John Leslie "Jackie" Coogan, the son of John and Lillian Dolliver Coogan, was born on October 26, 1914 in Los Angeles, California. Coogan's parents were both seasoned vaudevillians: his father was a dancer and actor, and his mother was a stage performer and former child star. At the age of four, Coogan made his first appearance on stage at a New York theater, where he earned accolades for his charisma and stage presence. By the age of five, he began touring with his parents and became a regular in their vaudeville circuit.
Coogan's rise to fame came in 1919, when silent film star, Charlie Chaplin first noticed Coogan performing on stage at a downtown Los Angeles theater. Chaplin gave the young actor a small part in A Day's Pleasure (1919), and later assigned him a leading role in The Kid (1921). Coogan's popularity surged soon thereafter, and by the mid-1920s he was one of Hollywood's highest-paid silent film stars. Among the best known of his films are Peck's Bad Boy (1921), Oliver Twist (1922), Daddy (1923), Long Live The King (1923),The Rag Man (1925), Tom Sawyer (1930), and Huckleberry Finn (1931).
In the mid-1920s, a cattle ranch was purchased on Coogan's behalf near Campo, California, approximately fifty miles east of San Diego, for $159,000. While Coogan's production company financed the ranch and received its profits, its day-to-day operations were overseen by J.C. Fuquay and his wife Genevieve, who served as the resident managers. The ranch functioned both as a source of extra revenue for Jackie Coogan Productions and also as a retreat for Coogan, his family, his collegues, and his friends.
Tragedy struck in May, 1935 when Coogan, his father, and three friends were returning to the ranch from a hunting expedition in Mexico. The vehicle that was transporting the men careened into a ditch after Coogan's father, who was the driver, attempted to avoid an oncoming car and lost control. The accident killed every passenger except for Coogan, who escaped with only minor injuries. Traumatized by the death of his father and several of his closest friends, Coogan subsequently relinquished his business ties with the Fuquays and sold his ranch for $40,000 - a small fraction of the initial purchase price.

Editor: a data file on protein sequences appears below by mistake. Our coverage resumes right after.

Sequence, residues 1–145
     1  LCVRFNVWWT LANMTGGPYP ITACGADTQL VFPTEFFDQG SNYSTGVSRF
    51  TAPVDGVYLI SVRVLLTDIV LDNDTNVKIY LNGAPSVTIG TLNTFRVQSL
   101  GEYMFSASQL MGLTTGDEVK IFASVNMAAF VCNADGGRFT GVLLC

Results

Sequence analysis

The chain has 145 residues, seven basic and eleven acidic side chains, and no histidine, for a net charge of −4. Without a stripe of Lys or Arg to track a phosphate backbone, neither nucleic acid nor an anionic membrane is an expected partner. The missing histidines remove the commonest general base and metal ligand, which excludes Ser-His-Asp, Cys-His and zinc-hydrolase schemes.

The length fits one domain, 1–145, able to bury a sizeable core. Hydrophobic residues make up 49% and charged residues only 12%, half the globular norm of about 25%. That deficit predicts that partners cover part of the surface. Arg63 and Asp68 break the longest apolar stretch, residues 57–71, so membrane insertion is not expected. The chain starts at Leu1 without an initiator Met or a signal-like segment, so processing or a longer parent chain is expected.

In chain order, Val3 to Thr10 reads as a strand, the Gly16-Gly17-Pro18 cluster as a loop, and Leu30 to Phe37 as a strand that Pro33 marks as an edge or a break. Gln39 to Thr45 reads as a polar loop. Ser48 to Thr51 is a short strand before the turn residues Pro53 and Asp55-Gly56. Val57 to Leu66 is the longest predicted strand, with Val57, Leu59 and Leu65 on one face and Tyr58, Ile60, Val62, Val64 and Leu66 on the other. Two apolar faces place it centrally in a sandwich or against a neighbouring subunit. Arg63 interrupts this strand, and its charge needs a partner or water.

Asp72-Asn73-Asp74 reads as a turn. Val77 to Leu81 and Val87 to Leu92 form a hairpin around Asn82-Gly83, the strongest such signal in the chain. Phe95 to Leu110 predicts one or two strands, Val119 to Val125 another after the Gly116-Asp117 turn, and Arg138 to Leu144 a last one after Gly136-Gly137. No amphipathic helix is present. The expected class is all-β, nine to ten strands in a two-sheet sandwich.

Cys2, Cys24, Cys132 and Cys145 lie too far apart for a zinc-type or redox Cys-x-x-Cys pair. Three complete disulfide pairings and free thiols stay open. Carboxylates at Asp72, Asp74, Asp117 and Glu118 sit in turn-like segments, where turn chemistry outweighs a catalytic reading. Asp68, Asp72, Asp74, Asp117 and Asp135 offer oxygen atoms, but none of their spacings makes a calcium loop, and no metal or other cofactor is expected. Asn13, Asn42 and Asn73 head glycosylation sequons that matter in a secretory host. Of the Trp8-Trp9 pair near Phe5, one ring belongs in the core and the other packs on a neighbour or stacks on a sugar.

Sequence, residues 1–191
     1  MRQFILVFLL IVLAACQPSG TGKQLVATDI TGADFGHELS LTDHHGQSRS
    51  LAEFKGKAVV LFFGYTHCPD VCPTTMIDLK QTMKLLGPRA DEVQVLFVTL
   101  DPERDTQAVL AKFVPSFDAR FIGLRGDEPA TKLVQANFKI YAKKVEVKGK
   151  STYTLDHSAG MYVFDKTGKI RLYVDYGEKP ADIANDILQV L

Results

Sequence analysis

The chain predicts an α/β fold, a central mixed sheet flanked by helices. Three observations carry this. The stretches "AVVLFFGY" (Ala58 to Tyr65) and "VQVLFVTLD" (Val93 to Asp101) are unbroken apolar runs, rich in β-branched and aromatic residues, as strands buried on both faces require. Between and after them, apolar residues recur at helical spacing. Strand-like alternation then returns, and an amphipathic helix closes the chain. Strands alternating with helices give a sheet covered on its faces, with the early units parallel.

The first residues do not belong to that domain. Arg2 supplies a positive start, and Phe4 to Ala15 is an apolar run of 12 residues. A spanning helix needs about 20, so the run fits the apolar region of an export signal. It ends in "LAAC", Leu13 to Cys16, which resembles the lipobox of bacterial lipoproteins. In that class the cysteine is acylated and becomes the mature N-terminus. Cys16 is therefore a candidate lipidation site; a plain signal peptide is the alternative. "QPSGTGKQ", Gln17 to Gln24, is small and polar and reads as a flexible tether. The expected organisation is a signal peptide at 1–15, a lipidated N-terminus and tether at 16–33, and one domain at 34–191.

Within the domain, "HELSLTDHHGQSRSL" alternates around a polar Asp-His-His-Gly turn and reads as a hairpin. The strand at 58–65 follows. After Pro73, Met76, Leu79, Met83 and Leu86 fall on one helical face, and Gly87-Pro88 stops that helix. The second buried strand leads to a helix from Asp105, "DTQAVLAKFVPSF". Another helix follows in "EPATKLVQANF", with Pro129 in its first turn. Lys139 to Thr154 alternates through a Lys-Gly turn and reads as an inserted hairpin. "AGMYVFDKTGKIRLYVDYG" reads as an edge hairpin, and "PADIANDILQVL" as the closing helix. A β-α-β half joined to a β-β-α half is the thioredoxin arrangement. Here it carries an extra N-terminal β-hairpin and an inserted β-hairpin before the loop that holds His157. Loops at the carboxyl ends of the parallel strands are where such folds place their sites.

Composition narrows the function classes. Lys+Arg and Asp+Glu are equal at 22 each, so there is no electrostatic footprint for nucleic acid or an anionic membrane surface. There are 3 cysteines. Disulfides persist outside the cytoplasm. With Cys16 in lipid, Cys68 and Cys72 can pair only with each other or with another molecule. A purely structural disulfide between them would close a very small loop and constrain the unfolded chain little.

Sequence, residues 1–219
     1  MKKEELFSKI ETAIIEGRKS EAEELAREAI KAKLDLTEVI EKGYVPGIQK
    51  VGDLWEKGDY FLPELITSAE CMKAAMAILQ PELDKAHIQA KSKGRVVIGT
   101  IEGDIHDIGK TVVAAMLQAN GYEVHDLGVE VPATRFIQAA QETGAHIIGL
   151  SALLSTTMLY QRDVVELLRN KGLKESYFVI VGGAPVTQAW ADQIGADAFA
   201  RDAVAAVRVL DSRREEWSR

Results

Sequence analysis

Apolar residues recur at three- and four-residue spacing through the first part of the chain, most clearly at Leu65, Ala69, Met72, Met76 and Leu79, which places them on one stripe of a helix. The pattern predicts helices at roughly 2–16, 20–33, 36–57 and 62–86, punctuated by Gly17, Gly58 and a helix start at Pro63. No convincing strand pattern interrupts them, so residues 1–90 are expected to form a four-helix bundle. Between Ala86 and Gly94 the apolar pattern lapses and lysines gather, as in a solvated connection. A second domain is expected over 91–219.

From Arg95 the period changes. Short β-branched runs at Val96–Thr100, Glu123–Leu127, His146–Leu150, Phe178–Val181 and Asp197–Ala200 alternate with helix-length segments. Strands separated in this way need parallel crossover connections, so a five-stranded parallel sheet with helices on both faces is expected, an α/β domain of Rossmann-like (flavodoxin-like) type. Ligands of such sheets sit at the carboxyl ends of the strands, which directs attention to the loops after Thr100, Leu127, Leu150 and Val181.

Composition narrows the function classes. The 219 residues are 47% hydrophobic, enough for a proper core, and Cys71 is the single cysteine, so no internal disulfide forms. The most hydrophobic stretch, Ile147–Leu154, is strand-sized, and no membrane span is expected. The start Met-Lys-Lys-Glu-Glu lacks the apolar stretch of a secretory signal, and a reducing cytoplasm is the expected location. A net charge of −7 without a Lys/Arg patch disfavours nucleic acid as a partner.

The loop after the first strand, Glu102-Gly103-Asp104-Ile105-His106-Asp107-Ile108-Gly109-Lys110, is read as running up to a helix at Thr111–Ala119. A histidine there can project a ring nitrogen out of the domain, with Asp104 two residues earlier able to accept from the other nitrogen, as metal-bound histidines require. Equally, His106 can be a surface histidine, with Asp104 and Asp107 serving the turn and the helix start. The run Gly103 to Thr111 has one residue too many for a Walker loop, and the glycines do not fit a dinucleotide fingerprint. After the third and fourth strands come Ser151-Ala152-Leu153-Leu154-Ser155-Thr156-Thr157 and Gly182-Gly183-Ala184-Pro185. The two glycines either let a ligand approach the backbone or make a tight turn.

Wishing to cash in on the money he had made as a child star in the 1920s, he asked his mother and stepfather to turn over his earnings, only to discover that almost all the money had been squandered away. In response, Coogan filed suit in 1938 against his mother and stepfather for the four million dollars that he had made. However, at the time, there was no law on the books that regulated the earnings of child actors, and ultimately Coogan was awarded only $126,000 of his initial claim. The public outcry that accompanied the verdict culminated in the passage of the California Child Actor's Bill, more commonly known as the Coogan Act, which safeguards the wages of child actors into adulthood.
Coogan enlisted in the United States Army in 1941 and was transferred to the United States Air Force after the United States entered World War II. He returned to acting after the war had ended, but was able to attain only minor roles in low-budget films and guest appearances on television shows. Between 1964 and 1966, he had his most famous television role in The Addams Family as Uncle Fester. He retired from acting altogether in the mid-1970s.
Coogan died of a heart attack on March 1, 1984 in Santa Monica, California, at the age of 69.